Lead singer Ben Kowalewicz led the chart topping Canadian act on stage and they immediately burst into a rousing rendition of “Devil in a Midnight Mass.” Despite the over zealous security and “no moshing” rules at the Paradise, it was obvious from the start this show would be anything but tame.
The crowd surged towards the stage and shouted along throughout the set, and the band used this energy to their advantage. Kowalewicz spent most of the show at the foot of the stage, going face to face with those in the first few rows. With eyes wide and veins bulging, the dynamic front man alternated between melodic singing on tracks such as “Surrender” and frenzied screams on crowd favorites such as “Line and Sinker.”
Between songs, Kowalewicz ran through the normal Billy Talent banter, most of it revolving around sports. He praised Boston for its successful teams, and declared his hatred for the Yankees. Kowalewicz also made note of the large student population surrounding the club, joking that a group of well dressed college girls had thrown change at him earlier in the day thinking he was a bum.
The musical portion of the set included an even mix of tracks from the band’s three full lengths. Songs from the recently released Billy Talent III sounded great and received a nice reaction from the crowd, but they couldn’t match the intensity of more familiar songs such as “The Ex” or “Try Honesty,” which closed the set.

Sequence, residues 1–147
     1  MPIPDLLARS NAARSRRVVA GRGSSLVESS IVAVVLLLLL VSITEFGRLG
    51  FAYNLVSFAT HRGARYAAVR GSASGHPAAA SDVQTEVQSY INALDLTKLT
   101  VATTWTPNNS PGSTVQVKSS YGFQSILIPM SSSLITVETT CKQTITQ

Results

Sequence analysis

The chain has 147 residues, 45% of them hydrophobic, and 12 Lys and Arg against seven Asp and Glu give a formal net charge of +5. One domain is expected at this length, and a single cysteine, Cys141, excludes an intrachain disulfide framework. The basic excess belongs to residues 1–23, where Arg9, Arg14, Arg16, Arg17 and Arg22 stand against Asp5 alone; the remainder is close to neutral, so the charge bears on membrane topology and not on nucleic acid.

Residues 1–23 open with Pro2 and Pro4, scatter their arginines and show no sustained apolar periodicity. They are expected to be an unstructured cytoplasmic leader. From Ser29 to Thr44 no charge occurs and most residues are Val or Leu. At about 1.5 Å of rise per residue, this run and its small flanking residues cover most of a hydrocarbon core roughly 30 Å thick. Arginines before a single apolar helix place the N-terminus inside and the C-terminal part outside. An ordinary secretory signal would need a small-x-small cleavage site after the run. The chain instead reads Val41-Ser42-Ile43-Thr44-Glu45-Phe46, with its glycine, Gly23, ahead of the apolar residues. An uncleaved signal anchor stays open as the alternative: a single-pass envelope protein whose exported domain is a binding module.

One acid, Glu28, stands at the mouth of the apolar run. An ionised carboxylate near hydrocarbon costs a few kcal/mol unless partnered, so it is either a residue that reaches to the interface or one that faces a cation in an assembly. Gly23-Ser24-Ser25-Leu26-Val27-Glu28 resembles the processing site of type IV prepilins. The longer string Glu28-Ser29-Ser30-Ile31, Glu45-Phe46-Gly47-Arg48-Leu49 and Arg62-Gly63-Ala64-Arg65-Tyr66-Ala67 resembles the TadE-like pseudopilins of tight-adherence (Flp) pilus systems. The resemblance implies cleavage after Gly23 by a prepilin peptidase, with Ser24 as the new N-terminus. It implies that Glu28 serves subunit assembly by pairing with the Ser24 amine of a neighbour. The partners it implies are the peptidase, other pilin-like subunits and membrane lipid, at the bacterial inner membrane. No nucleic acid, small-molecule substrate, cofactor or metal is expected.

The band would return for an encore consisting of “Fallen Leaves” and “Red Flag,” both from 2006’s Billy Talent II. The crowd filed out of the club more than satisfied with what they had witnessed, and looking forward to a promised return engagement in 2010. The group certainly seemed to enjoy their stop at the intimate venue, especially considering many of their shows in Canada take place in monstrous arenas that set fans far back from the stage. In fact, the band had announced an enormous 2010 Canadian arena tour with support from Alexisonfire and Against Me! earlier in the day.
While they might not be playing arenas in the states any time soon, Billy Talent is quietly building a dedicated fan base on the strength of their stellar live shows. High profile opening slots for bands such as Thursday, Rise Against, and Rancid have helped, but the quartet has proven that they can hold their own as headliners in any setting.
Set list (probably not exact)
Devil in a Midnight Mass
Line and Sinker
Rusted for the Rain
Diamond on a Landmine
The Dead Can’t Testify
Devil on my Shoulder
Turn Your Back
The Soft Pack
Paradise Rock Club, Boston
March 28th, 2009